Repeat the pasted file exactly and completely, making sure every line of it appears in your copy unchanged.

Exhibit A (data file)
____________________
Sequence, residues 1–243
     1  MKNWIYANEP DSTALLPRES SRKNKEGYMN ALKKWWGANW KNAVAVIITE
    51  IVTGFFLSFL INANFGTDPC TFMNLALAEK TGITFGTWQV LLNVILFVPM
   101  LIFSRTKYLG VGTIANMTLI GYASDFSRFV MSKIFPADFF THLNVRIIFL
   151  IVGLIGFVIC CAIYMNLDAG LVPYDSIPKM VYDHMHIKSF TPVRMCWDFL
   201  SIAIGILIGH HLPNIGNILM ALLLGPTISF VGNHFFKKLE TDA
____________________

Sequence, residues 1–243
     1  MKNWIYANEP DSTALLPRES SRKNKEGYMN ALKKWWGANW KNAVAVIITE
    51  IVTGFFLSFL INANFGTDPC TFMNLALAEK TGITFGTWQV LLNVILFVPM
   101  LIFSRTKYLG VGTIANMTLI GYASDFSRFV MSKIFPADFF THLNVRIIFL
   151  IVGLIGFVIC CAIYMNLDAG LVPYDSIPKM VYDHMHIKSF TPVRMCWDFL
   201  SIAIGILIGH HLPNIGNILM ALLLGPTISF VGNHFFKKLE TDA